“Everyone goes, ‘[Extinction Rebellion] just came out of nowhere,’” said Clare Farrell, a sustainable fashion designer and one of the group’s founding members. “No, it didn’t — it came out of people touring the country and doing talks and asking them to go to the depth of their souls and what they’d do to stop this suicide mission we’re on.”
As Gail Bradbrook tells it, the path to creating Extinction Rebellion began when she flew to Costa Rica to spend two weeks doing psychedelic drugs.
Bradbrook grew up in northern England, and came of age during miners’ strikes that divided the country. She spent her life in animal rights and economic justice movements, but by 2016 felt like she had gotten lost in her efforts to promote social change. Bradbrook told BuzzFeed News that she decided to get back on track with a course of psychedelics used in traditional medicines around the world. She went, she said, to pray for the “codes for social change.”
When she returned to the UK, she met Roger Hallam, then a PhD student in his fifties at London’s prestigious King’s College, studying techniques to build successful social movements. Hallam, who sometimes speaks in a dry deadpan, was obsessed with using data to figure out the best ways to build social movements — putting food on the table at meetings made people feel more empowered, research showed, and having greeters approach newcomers would make them more likely to return to another meeting. Bradbrook and Hallam bonded over a four-hour discussion of research on what works in activism, and at the end, Hallam joked that he’d given her “the codes for social change.”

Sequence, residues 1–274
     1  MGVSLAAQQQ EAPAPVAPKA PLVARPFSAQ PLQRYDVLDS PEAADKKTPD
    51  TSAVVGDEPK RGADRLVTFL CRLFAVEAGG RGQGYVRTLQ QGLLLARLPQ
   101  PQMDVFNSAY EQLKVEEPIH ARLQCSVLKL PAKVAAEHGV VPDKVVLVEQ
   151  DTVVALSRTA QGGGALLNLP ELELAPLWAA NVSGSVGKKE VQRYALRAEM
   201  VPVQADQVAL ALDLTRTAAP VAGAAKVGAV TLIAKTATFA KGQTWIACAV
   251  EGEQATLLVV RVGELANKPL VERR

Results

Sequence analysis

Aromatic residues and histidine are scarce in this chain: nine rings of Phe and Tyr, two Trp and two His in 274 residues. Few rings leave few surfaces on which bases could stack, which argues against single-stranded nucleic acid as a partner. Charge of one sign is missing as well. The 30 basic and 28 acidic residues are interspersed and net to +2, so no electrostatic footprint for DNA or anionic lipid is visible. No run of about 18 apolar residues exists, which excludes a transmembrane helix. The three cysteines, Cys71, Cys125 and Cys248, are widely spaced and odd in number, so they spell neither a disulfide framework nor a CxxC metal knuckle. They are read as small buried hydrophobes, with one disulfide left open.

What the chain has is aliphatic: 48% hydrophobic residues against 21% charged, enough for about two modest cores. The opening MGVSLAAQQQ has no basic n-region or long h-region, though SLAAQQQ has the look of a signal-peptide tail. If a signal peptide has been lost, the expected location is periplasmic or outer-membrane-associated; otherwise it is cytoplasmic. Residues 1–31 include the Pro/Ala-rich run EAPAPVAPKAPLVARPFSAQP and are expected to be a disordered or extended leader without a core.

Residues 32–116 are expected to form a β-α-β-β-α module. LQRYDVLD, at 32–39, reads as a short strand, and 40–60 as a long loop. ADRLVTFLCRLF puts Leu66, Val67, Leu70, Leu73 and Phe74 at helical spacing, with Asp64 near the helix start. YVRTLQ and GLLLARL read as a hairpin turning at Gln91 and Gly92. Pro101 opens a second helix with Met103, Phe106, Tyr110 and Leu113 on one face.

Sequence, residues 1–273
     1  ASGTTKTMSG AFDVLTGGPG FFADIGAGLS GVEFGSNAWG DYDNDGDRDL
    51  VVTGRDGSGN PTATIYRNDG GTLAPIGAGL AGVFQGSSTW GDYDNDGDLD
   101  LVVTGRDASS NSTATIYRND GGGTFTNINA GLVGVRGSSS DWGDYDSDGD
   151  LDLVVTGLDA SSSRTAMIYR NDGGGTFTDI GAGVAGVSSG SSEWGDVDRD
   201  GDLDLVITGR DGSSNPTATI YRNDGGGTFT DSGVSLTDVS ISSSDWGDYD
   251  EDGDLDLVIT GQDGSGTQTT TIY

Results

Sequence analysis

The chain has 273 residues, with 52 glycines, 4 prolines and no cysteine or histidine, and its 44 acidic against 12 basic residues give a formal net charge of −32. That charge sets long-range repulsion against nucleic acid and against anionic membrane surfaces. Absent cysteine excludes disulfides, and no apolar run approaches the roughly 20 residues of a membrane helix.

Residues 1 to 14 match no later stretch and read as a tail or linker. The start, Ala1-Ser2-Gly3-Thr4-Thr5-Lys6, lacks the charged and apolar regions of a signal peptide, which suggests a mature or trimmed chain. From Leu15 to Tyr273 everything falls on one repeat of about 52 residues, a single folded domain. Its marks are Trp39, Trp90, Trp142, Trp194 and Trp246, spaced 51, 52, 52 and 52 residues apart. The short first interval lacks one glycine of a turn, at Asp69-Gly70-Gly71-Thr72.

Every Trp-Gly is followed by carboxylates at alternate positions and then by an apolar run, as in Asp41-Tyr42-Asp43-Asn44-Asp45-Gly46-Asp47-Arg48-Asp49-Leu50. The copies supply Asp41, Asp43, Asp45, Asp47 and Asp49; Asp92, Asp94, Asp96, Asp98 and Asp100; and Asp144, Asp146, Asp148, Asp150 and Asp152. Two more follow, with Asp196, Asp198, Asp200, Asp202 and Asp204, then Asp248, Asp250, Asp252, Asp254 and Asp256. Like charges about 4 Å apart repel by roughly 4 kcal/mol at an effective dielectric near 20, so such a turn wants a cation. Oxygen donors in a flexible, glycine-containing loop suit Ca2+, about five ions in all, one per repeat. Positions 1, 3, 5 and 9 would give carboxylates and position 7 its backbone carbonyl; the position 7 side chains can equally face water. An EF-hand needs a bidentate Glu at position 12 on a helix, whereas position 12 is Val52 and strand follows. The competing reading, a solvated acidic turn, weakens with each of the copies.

“It was very, very weird,” Bradbrook said. “We had a massive nerd bonding. … He was totally serious about strategy, being ambitious, taking [the] system on. … I was just absolutely fucking delighted.”
They believed that it was possible for a relatively small group to bend the system to its demands. This was based in part on the work of Erica Chenoweth, a political scientist at Harvard who conducted a sweeping review of hundreds of conflicts over the last century. In every case in which activists used nonviolent civil disobedience and mobilized at least 3.5% of the population, she found they were victorious, including revolutions that toppled dictators, from Brazil to the Philippines. Extinction Rebellion members sometimes refer to 3.5% as the “magic number.”
Nonviolent civil disobedience means going beyond marches and petitions, instead using radical but peaceful tactics to actively disrupt business as usual, and staging confrontations that force people to choose sides. When you block a road — as Extinction Rebellion eventually would — it makes your demands impossible to ignore, the strategy goes. And the police must decide whether to arrest protesters or let them get away with breaking the law.
This approach certainly pisses a lot of people off at times, but the goal is not to win majority support, but to get a large enough minority who would make the cost of doing nothing on climate change higher than taking action to address it. For that to work, those involved have to be willing to make major sacrifices — going to prison or losing their lives — in order to spark the moral outrage that can bring the rest of society to their cause. And it also means interrupting the daily lives of the public to show the urgency of the issue.
“Extinction Rebellion is set up by people who are quite peculiar because we were primarily interested in what works rather than what enables us to be liked,” Hallam said. “Those are two categorically different orientations when you’re dealing with the mass delusions of the trajectory of Western societies.”
By the spring of 2018, Hallam, Bradbrook, and a group of around 20 activists had honed their vision and decided they would launch a mass civil disobedience campaign in the fall to demand swift action against global warming. But first they had to get enough people ready to join their movement.
So over the following months, this core group held more than 120 small meetings in private homes and town halls across the UK, presenting what became known as “the Talk.” It made the case that nonviolent civil disobedience could make real change, but first it presented the climate science to hammer home just how bleak the situation is.